The Elusive Mr. Youssef

The Elusive Mr. Youssef




Published August 2012 // BOLD MAGAZINE


By Habib Battah

Much of what has been said or written about Lebanon’s shamefully unreliable internet connection, which remains one of the world’s slowest, has focused on the actions of one man, Abdel Moneim Youssef. As the the head of state-owned telecom operator Ogero, Youssef has been openly accused– both in the press and among other government officials– of holding the entire country hostage by shutting down Lebanon’s proverbial tap to the rest of the world.

More specifically, Youssef has allegedly refused to release desperately needed bandwidth to local internet service providers from a state-of-the art fiber optic submarine cable, which cost the government some $45 million to install in late 2010. Yet throughout most of 2011 Lebanon’s use of the line, named the India Middle East Western Europe (IMEWE) after its transcontinental route, remained dormant, leaving most households connecting at decade old dial-up speeds until late last year.

The charges against Youssef as an obstructor have been carried by several media outlets and can be traced back to successive telecom ministers, who have repeatedly disavowed him in news conferences and interviews with the press including The Daily Star, Executive Magazine, LBC television and others. The news site Al Akhbar recently claimed Youssef’s actions have cost the treasury a loss of $2 million per month

But technically speaking, the would-be rebellion of Youssef would appear to defy logic. His firm, Ogero is no way a private company– it even says so on the “about us” section of its website, which reads “Ogero is 100 percent owned by the state and acts under the supervision of the (Telecom) minister.” How then has Youssef been able to defy his own direct supervisor? Oddly enough–or perhaps predictably in Lebanon’s case– the Ogero chief has been appointed to supervise himself. Not only does he serve in the dual roles as both chairman and general manager of Ogero, Youssef is also the general manager of the telecom ministry’s Operations and Maintenance Directorate, the body that supposedly oversees Ogero. All this, it would seem, has created a virtual Youssef led, managed and operated fiefdom over Lebanon’s ability to communicate with the rest of the world. So could this be the case and if so, what motivates Youssef’s reported intransigence?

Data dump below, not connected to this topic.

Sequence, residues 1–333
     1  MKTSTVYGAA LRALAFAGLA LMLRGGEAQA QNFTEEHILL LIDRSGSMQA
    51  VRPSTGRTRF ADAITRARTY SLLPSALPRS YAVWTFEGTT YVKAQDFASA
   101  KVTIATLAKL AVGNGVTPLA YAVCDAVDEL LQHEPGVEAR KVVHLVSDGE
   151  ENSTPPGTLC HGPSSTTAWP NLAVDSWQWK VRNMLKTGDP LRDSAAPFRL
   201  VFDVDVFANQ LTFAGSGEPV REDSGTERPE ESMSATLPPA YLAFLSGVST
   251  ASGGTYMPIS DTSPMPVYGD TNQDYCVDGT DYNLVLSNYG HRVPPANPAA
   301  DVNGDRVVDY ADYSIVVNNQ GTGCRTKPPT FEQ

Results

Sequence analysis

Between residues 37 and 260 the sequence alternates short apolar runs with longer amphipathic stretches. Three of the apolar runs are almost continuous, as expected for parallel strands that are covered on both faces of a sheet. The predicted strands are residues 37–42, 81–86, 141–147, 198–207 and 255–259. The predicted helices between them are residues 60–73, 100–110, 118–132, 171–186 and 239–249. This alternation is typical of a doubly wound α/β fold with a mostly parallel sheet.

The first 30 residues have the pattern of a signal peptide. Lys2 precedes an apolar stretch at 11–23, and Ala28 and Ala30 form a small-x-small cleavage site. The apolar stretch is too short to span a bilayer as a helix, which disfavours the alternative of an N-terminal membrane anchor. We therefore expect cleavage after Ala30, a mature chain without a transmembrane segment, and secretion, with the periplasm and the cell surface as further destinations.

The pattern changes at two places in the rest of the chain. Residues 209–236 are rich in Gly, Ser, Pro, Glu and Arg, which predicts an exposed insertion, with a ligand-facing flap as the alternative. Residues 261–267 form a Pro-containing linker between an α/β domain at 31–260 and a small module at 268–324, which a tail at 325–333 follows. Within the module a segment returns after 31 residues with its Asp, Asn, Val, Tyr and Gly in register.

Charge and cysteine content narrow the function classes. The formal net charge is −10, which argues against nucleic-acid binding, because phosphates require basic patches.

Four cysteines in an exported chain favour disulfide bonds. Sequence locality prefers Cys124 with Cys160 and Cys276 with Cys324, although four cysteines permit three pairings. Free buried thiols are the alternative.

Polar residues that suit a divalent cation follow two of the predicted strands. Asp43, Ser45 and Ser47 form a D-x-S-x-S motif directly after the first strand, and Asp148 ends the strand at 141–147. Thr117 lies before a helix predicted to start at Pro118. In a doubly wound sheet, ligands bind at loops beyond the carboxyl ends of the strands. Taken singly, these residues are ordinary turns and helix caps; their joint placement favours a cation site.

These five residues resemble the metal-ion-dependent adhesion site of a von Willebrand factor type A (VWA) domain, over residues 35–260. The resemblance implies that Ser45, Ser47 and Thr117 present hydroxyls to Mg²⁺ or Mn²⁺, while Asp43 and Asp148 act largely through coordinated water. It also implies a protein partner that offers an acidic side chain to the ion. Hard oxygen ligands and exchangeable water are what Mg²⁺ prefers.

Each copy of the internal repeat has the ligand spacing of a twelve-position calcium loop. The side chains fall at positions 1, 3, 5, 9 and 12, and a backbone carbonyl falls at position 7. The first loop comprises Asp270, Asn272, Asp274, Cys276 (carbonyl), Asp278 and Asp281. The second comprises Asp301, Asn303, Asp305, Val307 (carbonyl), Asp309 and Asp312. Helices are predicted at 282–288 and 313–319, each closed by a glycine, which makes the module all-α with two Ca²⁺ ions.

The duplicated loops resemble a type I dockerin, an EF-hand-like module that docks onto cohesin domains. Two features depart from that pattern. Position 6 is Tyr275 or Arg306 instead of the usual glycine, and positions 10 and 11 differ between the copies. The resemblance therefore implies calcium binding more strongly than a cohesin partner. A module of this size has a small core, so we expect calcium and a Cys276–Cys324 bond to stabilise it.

A rare photo of Youssef at an MOT facility. Credit: Al Akhbar



The general public deserves answers to such questions and they need to come from Youssef himself, but as I and many others have learned, Lebanon’s telecom guru has made it a principle to generally avoid questions from the press. For years now, the line “Youssef could not be reached for comment” has become a regular feature on the pages Executive magazine. The local business monthly has provided some of the most detailed coverage of the sector, producing several full length investigations quoting a range of ministers, high level bureaucrats and business leaders, all except of course the elusive Youssef. I too was not allowed to speak to him when writing a piece for The Daily Star at the height of the IMEWE stalemate last year. For several days, no one answered the phones at the lines listed on the “contact us” section of Ogero’s website. I eventually resorted to dialing the national operator at 1515 and pleading, much to the amusement to the men on shift, for help connecting to their the boss’s office. Finally I was patched through to an advisor, who very kindly noted my information and promised an answer “within 48 hours.” Eventually he informed me Youssef was ill. Days later I was told he was on vacation. Finally my calls–I put in about a dozen for good measure– were no longer answered.  

In my frustration, I have reached out to other telecom officials during interviews: Why does Youssef not return my calls? Have you spoken to him? What is he like? To my surprise Youssef opponents, even the current telecom minister himself, have marveled over the man’s intellect and intimate knowledge of the national telecom architecture. One of the minister’s advisors Antoine Boustany, referred to Youssef as “very clever” and  “a friend” lamenting that he was no longer returning his calls either. A CEO of a Lebanese ISP told me if I was lucky enough to land a meeting, Youssef would prove to be “one of the most intelligent people you’ll ever meet.”